Claremont Graduate University is ...
Private not-for-profit
Athletic Division
Athletic Conference
Address
150 E Tenth St
Claremont, CA 91711
Website
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Claremont Graduate University Reviews

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A lot of people complain that the school is expensive, which is true for its PhD program. Most PhD programs fund their students but CGU doesn't seem to have that luxury. However, as a Masters student who does get some funding, I have no complaints because I know how rare it is to find a school that funds Masters students. That aside, I've explored all the resources available to this school and I really like what CGU offers. They try to do a lot with student diversity, health, and academic help (e.g. Writing Center, digital services, library services, etc.) and I've found the workshops they had on career development to be very helpful. I think that if one utilizes those resources, the school isn't what everyone calls "overpriced." However, some of their resources are still being developed, such as the fellowship office so perhaps that's why people had/have complaints. Since it's a smaller school, the people (not only professors and advisers, but admin as well) are willing to help you out when you need it. I'm finding myself to have an incredibly positive experience so far with CGU.
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Claremont Graduate University gives you very little compared to what they charge in tuition and many of the administrators see students as inferior. The school of community and global health at CGU is fantastic, but the university as a whole is too expensive, and not student oriented.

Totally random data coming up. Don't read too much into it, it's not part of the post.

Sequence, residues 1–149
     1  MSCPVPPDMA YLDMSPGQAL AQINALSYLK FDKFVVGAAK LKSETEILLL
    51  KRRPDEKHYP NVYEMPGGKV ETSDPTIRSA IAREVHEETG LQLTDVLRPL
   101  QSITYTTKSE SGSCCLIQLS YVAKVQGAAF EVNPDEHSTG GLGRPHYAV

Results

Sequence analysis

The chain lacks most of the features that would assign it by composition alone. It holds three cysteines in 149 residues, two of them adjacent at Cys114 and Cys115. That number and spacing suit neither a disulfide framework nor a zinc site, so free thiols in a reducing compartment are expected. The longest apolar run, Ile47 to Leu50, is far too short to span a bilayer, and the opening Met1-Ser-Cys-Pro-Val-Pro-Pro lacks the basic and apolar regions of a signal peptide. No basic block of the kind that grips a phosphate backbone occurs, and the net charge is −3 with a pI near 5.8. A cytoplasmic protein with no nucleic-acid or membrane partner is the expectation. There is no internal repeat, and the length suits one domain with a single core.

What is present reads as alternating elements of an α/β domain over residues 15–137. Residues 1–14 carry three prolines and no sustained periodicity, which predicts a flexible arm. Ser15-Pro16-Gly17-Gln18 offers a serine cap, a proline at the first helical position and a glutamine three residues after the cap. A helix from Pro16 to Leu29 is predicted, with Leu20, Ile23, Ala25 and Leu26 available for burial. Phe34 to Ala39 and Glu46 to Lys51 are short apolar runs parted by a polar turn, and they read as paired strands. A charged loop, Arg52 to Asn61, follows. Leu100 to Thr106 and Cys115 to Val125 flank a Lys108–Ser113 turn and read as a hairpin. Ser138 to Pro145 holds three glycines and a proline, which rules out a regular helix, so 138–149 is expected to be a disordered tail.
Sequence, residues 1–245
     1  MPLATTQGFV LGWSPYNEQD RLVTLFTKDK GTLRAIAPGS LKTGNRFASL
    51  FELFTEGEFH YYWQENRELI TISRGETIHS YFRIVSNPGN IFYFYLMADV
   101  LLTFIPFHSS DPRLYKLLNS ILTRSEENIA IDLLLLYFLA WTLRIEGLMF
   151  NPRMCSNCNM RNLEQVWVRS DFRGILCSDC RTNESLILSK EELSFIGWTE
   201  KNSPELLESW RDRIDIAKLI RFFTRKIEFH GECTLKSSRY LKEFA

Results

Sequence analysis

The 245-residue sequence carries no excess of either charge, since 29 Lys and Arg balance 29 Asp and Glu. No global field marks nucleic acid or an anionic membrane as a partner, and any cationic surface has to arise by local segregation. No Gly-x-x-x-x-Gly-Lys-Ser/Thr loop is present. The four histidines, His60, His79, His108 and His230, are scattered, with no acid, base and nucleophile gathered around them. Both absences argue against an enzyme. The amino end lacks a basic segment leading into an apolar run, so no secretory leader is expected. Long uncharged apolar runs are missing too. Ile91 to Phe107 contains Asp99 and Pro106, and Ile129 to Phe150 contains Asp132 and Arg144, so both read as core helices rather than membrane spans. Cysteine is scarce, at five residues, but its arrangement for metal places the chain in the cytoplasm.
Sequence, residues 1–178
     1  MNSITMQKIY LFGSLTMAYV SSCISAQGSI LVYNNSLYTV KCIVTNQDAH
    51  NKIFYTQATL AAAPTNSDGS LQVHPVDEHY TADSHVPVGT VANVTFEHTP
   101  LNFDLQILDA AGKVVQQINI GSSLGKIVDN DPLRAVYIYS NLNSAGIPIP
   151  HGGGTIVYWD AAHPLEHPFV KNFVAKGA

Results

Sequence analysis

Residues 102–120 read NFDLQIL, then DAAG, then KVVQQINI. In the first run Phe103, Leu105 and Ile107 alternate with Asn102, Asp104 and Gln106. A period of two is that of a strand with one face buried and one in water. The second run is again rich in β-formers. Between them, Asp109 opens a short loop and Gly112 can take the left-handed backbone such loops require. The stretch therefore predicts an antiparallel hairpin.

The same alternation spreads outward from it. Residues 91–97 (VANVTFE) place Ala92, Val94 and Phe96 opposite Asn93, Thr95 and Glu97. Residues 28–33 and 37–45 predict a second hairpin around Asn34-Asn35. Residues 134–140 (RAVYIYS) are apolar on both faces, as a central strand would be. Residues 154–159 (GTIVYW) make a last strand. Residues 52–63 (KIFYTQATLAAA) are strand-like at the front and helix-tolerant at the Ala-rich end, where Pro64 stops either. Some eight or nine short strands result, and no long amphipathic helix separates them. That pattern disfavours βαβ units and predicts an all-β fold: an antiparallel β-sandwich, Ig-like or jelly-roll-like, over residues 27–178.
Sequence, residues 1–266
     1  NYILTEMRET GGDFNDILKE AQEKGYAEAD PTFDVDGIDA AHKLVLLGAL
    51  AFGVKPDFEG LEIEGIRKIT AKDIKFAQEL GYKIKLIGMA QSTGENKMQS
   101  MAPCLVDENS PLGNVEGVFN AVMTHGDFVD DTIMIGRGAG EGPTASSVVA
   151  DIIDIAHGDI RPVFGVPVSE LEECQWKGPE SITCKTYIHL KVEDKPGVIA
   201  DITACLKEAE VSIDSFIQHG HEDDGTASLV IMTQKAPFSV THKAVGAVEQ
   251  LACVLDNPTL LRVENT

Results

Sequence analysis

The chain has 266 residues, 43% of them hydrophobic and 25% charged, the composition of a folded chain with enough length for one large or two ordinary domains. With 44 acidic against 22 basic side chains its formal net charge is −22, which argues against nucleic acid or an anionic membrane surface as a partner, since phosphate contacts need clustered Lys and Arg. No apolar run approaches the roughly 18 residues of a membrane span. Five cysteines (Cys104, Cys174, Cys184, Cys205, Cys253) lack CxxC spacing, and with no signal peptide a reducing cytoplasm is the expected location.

The student housing is nice if one doesn't have a lot of things to put in it. Since the rooms come furnished (minus the bed), it's convenient, especially for those who live far away and don't want to deal with the hassle of buying and moving furniture. The studios are tiny but if one does not have a lot of luggage and what not, it works. The refrigerators for the studios are also a joke so if one wants to cook, I would recommend either buying a bigger refrigerator, or consider moving into a unit with a regular sized refrigerator (i.e. one that has a freezer). Basically, if you opt to have roommates or can afford to/want to move into a 1-bedroom, the refrigerator issue will be resolved.

As for noise from neighbors, I live on the third floor so I don't know how much noise there is from upstairs neighbors but I rarely hear my next-door neighbors so that's not usually a problem. For people who live on the first or second floors, I did hear that depending on the neighbor, one could hear them walking around (but I think that if the neighbor has heavy steps or wears particularly noisy shoes around their apartment, one can hear them). However, most of the people are out studying or working so I don't think that noise is too much of a problem. The housing complex itself is pretty quiet. Since it's graduate housing and people are generally older (there are married couples and some families that live here), it's much quieter. There's the occasional resident who comes straight from college thinking that the graduate student life will be the same as their undergraduate experience but the RAs are pretty good about handling those situations (in my experience anyway).

Overall, I find it convenient and nice to live here but others have moved out because it is a little pricier. My only mode of transportation here is a bike though so trying to find another apartment is less of an option for me.